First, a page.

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Rick Cluchey soars in balletic ‘Krapp’s Last Tape’

Playwright Rick Cluchey performs “Krapp’s Last Tape” Shattered Globe Theatre productiStage 773. | Rich Hein~Sun-Times

Playwright Rick Cluchey performs “Krapp’s Last Tape” in a Shattered Globe Theatre production at Stage 773. | Rich Hein~Sun-Times

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When: Through May 12

Where: Stage 773, 1225 W. Belmont

Tickets: $28

Info: (773) 327-5252;

Run time: 1 hour and 15 minutes, with one intermission plus discussion

Updated: June 5, 2013 6:05AM

For anyone interested in what is unquestionably one of the most groundbreaking chapters in the history of 20th century theater, Rick Cluchey’s performance of Samuel Beckett’s one-act, “Krapp’s Last Tape,” is required viewing.

Running through May 12 only, in a Shattered Globe Theatre presentation at Stage 777, this is Beckett with direction “from the horse’s mouth.”

Now 79, Cluchey — who grew up within smelling distance of the Chicago stockyards, and, by age 21, was sentenced to life in prison for robbery and kidnapping — discovered theater while serving at San Quentin State Prison. There, in the late 1950s, in collaboration with fellow prisoner Kenneth Whelan, he formed what would become the fabled San Quentin Drama Workshop. And eventually the fates aligned so that Cluchey, ultimately released on lifetime parole, was befriended by Beckett, and eventually directed by the master himself.

So, it is not an exaggeration to say that this production is the canonical version of “Krapp’s Last Tape.” Watch Cluchey — a small, matchstick-thin man with a weathered face, silver-blue eyes and tufts of gray-white hair — and you will see what might best be described as a Beckett ballet.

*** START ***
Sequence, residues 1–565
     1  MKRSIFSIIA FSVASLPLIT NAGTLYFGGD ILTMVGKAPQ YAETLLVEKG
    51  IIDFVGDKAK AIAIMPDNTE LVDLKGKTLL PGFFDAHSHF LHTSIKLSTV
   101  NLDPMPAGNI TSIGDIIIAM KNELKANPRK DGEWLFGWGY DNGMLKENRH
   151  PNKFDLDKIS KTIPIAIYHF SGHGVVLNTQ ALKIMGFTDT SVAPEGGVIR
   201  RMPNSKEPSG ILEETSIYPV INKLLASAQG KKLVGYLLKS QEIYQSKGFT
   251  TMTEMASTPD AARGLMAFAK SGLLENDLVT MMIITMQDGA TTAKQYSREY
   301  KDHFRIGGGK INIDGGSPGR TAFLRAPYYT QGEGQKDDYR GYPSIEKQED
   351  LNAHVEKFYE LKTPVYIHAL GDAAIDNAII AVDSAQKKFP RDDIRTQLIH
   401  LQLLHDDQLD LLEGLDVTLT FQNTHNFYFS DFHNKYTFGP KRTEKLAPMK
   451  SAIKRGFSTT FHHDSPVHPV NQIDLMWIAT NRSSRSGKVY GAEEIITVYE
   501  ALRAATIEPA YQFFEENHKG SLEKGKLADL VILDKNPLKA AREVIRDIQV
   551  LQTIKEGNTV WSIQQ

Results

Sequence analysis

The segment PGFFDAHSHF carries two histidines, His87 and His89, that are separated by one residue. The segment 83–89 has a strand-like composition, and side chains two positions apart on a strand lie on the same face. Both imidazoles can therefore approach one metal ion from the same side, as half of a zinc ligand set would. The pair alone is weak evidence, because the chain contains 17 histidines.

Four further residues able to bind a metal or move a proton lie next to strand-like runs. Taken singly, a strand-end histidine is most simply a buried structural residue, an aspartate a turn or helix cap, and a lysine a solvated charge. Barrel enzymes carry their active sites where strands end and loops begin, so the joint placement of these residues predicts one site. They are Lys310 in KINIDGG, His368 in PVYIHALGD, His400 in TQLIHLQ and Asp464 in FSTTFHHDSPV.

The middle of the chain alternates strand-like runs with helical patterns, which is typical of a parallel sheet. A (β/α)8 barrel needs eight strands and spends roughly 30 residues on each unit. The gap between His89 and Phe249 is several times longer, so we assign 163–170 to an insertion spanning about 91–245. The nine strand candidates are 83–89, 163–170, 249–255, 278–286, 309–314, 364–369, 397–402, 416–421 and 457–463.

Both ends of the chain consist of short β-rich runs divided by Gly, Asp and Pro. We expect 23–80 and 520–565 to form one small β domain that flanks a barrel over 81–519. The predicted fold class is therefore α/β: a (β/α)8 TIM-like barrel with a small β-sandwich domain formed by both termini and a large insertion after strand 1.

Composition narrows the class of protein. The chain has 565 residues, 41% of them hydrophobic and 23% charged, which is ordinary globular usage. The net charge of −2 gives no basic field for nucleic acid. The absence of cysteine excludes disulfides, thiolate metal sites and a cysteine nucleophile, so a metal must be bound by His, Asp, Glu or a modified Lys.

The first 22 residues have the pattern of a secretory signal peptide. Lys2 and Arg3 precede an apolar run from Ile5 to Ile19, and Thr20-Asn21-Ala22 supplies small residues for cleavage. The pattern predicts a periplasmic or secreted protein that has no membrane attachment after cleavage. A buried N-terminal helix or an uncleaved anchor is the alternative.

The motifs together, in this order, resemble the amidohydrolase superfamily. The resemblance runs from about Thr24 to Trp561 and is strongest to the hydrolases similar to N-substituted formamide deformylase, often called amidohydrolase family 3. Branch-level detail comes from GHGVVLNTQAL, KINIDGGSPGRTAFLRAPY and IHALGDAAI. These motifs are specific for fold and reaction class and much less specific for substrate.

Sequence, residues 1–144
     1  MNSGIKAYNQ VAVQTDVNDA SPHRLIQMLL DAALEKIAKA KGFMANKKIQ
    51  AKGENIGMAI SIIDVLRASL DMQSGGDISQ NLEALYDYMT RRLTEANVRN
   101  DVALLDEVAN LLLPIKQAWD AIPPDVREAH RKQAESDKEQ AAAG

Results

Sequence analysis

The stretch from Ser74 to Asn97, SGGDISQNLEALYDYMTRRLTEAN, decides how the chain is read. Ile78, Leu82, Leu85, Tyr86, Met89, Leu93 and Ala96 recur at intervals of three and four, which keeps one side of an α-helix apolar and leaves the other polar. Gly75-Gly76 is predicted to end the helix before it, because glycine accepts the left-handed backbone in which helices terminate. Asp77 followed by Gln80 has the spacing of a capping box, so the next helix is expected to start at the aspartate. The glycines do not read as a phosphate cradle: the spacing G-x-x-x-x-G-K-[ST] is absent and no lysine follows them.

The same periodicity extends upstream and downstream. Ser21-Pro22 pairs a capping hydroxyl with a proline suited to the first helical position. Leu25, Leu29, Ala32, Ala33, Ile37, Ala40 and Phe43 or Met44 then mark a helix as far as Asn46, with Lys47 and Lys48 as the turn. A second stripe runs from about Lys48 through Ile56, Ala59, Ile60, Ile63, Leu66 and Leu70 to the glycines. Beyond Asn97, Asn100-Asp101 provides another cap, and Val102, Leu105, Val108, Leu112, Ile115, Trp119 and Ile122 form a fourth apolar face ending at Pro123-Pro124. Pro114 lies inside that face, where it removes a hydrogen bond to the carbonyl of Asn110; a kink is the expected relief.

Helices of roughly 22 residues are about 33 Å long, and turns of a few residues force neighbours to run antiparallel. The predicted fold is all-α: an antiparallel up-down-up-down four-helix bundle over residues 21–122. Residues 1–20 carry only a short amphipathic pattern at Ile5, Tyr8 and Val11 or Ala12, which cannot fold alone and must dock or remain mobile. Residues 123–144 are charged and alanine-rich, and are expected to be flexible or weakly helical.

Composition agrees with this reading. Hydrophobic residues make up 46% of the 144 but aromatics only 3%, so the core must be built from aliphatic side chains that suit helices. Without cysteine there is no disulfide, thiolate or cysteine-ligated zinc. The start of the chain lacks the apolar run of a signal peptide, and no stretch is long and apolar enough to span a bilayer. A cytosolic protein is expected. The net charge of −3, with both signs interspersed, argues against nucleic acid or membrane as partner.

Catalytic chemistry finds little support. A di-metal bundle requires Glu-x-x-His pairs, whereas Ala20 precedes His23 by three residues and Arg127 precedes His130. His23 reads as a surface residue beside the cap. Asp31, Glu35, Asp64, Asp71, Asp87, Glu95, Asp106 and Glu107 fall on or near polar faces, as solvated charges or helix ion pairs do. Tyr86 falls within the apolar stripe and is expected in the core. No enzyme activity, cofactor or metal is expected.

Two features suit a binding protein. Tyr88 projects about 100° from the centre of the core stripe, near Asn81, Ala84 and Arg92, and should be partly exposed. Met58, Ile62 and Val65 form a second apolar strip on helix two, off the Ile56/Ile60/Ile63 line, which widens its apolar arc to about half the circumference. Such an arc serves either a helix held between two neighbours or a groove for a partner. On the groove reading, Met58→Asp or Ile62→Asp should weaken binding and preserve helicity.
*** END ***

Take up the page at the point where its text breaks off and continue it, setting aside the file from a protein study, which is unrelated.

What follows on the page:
Clearly the “choreography” of this dark, lyrical, often mordantly funny one-act — in which an old man relives his past while listening to reel-to-reel tapes he has made at various times in his life — has long since become part of this actor’s DNA. You see it in the almost musically timed, obsessive-compulsive-style peeling of a banana, the deliberately demented spinning of the spooled tapes, the look of revery that comes as he listens to gorgeous descriptions of long-ago erotic episodes and the grunts of disgust at his youthful pretensions. The self-loathing is palpable.

And everything is pared to a minimum in the half-light, with stark shadows — deathly phantoms — hovering in the closetlike space to which Krapp sometimes escapes for a drink. (The lighting design, by Steve Opalinski and Drew Schad, also seems to be quintessential Beckett.)

Although initially advertised as an evening of two one-acts, the second play, “Sam and Rick,” has morphed into a moderated discussion with the actor as he reminisces about his life and his friendship with Beckett.

“Beckett was all about ‘less is better,’” said the unpretentious actor, who told of how he visited the playwright when he was near death, and was presented with one of his suitcases. “He loved Schubert, he loved Matisse and Giacometti [the sculptor who designed the first tree for “Waiting for Godot’]. And the ironic thing is that he could never go to the theater because, as he put it, ‘The audience would be watching MY responses rather than the play’.”

Here, you watch Cluchey; you cannot take your eyes off him.

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